How To Conserve
The Wolf River Conservancy goes well beyond the traditional roles of a land trust by also educating youth and the public, and engaging the community through educational seminars, workshops and programming along the Greenway.
There are so many ways for you to go above and beyond for conservation too! Here are a few options to guide you along your conservation journey.
One of the best things the public can do to conserve is to simply pick up after ourselves. It is alarming how much debris and trash flows into our bodies of water, not only contaminating the water for wildlife, but compromising our community drinking water. Littering out of cars is especially problematic, as the litter inevitably finds its way into a water source. If you celebrate holidays with fireworks, make sure you pick up the debris after your fun. Think about adopting your nearest storm drain to keep it clear of trash and recycle appropriate items. Plastic containers, plastic shopping bags, and foam to-go containers are the most numerous trash items in our rivers. Consider reducing your usage of these items and clean them up where feasible.
Native trees are such an important part of our community, as they provide oxygen, clean the air, combat climate change and help protect our water resources. Tree canopies reduce stormwater runoff by “catching” rain while the root systems enhance soil’s ability to absorb water. Trees can even increase property values by 15% in some cases. Whenever we can, we should plant a native tree. Plant native trees from November through mid-April.
The Wolf River Conservancy hosts a large annual tree planting event every February/ March and a smaller project in November. Bookmark our calendar to learn more.
We can’t forget about air quality and preserving our clean air. Air quality is increased when we walk, bike, carpool or take public transportation. Additionally, water pollutants come from exhaust and car leaks. Be sure to dispose of your car oil and antifreeze in proper receptacles and never in storm drains or in the street. In the near future, the Wolf River Greenway trail will be complete and provide citizens with the opportunity to ride their bike from Germantown to Mud Island, enabling an amazing recreational and commuter route.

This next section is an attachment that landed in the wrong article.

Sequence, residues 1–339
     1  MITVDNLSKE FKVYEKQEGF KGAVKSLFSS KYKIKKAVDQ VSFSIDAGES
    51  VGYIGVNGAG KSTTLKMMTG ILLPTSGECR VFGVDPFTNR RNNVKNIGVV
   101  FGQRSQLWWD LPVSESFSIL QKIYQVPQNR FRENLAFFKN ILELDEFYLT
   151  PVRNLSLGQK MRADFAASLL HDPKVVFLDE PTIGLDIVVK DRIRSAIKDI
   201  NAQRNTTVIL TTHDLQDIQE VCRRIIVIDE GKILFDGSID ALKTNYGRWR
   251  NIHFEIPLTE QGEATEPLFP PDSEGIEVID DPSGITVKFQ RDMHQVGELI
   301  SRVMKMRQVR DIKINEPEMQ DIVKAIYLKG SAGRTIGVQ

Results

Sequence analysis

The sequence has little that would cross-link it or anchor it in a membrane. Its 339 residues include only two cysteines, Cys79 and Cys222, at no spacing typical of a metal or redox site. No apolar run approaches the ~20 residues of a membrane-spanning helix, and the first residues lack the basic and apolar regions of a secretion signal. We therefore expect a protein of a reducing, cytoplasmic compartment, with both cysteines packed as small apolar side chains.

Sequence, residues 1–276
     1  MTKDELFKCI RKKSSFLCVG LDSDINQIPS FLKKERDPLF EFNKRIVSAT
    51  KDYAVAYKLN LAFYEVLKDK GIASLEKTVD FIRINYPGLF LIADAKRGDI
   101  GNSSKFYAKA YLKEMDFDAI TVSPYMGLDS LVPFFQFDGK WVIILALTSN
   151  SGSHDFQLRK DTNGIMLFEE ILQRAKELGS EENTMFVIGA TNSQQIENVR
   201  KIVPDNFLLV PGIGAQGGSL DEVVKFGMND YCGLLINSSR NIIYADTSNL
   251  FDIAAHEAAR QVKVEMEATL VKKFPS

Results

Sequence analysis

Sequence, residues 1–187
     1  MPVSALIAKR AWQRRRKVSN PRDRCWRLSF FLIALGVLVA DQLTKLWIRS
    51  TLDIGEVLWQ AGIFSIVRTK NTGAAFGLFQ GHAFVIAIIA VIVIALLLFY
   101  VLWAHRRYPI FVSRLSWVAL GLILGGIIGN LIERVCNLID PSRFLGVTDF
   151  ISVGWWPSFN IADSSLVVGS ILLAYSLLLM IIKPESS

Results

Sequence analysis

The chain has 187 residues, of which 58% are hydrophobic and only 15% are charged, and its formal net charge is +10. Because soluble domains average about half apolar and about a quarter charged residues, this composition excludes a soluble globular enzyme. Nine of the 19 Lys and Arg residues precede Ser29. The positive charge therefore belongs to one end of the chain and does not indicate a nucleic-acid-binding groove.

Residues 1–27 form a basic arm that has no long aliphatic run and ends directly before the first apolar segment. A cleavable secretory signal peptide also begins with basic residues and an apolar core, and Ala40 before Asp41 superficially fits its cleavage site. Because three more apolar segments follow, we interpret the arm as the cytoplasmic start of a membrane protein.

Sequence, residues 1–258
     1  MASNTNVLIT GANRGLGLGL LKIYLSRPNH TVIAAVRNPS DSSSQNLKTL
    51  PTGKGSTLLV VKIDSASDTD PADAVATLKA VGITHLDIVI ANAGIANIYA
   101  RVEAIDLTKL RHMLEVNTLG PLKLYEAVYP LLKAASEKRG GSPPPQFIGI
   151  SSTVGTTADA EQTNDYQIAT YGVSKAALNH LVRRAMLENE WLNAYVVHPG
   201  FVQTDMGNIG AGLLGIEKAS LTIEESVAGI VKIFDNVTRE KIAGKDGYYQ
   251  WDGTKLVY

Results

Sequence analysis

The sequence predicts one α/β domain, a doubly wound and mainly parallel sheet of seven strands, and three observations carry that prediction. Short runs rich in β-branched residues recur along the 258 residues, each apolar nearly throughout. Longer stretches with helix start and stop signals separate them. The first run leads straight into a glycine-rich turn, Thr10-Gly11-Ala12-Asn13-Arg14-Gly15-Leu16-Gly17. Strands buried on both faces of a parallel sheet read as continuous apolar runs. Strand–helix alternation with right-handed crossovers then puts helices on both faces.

As a nationally accredited land trust and nonprofit organization, we actively work to conserve land. Working with landowners, we are able to come to agreements that permanently protect conservation values of their properties. For more information on how we work with landowners to protect land, see the Landowner Options page.
Homeowners and landowners alike have the ability to manipulate their landscape to benefit native plants and animals, slow and recharge heavy rainfall, and much more! Consider establishing a rain garden in your yard to reduce stormwater runoff into our storm drains. Rain gardens are also a good excuse to plant native plants that will help soak up the rain, increase pollinator habitat, invite migratory birds into your yard, and provide beautiful flowers to your landscape. People with more land have the ability to reduce the lawn they frequently cut and instead establish native flower beds. Visit our Epping Way property to see an example of what you could do in your yard.